Autonomy can start with letting employees decide when they work. Platforms like 7shifts and Prospr let employees easily trade shifts to give the flexibility to manage their other commitments — whether jobs, education or children. Enabling your team members to accept, change and swap schedules is a common feature of most digital scheduling platforms, but the ability to converse with other team members or at least one-way message the team of a need to swap a shift is equally as important.
Setting a culture to reward and incentivize other team members to pick up shifts on behalf of others through gamification is also an option. Badges, collectibles and celebrating team members through community boards championing those supporting others are great ways to corroborate your acceptance toward flexible scheduling while celebrating those that help make it possible.
Lindsey’s three-day week accomplishes the same thing through the opposite approach. Instead of flexibility, employees can use the consistency of their schedule to plan around. They no longer need to fear having their hours cut when they ask for time off, or of being fired when they call out to care for a child. But even Lindsey’s approach needs tech enablement: “We use Slack to hand off a red-book between Team A and Team B,” he said. “Communication is critical to ensure nothing gets lost between the two teams.”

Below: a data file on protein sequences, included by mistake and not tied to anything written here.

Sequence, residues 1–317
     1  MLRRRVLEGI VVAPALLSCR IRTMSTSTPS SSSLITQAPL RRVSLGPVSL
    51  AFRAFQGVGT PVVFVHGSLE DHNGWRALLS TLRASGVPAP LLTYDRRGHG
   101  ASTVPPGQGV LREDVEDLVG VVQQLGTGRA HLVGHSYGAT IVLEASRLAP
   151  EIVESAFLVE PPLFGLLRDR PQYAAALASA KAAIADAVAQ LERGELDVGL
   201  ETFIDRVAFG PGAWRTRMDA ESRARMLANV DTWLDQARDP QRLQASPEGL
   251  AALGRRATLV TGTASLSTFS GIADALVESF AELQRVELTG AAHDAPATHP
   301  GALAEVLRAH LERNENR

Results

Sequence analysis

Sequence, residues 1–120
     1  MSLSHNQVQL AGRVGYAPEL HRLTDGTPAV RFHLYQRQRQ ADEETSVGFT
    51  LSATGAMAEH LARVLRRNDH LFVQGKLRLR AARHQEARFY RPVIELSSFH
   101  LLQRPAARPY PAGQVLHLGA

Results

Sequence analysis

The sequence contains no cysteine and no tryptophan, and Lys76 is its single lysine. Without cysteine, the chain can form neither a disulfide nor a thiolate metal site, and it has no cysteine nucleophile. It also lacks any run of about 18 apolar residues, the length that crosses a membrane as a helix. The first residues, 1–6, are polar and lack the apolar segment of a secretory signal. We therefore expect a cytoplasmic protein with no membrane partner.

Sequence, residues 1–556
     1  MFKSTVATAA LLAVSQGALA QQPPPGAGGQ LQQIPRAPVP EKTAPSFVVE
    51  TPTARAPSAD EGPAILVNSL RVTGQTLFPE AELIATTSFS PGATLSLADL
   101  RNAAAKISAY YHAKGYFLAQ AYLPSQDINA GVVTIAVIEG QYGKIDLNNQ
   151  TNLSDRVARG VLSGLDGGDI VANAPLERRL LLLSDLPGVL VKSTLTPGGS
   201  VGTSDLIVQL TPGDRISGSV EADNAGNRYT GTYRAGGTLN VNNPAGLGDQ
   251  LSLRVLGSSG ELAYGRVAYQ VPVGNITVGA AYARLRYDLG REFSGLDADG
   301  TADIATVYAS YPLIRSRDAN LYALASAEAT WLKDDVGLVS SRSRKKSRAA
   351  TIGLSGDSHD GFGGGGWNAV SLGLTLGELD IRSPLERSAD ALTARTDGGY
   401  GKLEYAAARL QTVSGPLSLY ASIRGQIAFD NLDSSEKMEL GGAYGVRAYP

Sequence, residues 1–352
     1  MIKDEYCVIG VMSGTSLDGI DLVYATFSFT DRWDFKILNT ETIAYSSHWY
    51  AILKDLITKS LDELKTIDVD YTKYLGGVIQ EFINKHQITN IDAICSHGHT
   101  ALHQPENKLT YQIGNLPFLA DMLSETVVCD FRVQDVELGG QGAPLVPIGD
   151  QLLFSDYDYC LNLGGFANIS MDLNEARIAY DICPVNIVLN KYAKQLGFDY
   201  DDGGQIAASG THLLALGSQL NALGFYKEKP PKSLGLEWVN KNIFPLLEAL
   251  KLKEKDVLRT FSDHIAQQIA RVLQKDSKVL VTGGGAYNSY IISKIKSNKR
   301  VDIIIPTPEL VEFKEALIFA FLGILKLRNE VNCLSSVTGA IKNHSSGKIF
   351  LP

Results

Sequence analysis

Solving the labor crisis
Leaders that have a finger on the pulse of technology solutions to service consumers and employees have an advantage in addressing the most difficult restaurant labor environment in a generation. The chief technology officer may be best positioned to address labor challenges through their understanding of Saas-based software solutions and integrations to create a seamless and frictionless employee experience. Working with operations and HR to improve recruitment, onboarding and culture building initiatives throughout their organizations may not be easy. But it’s a task that should be tackled with both hands — before it’s too late.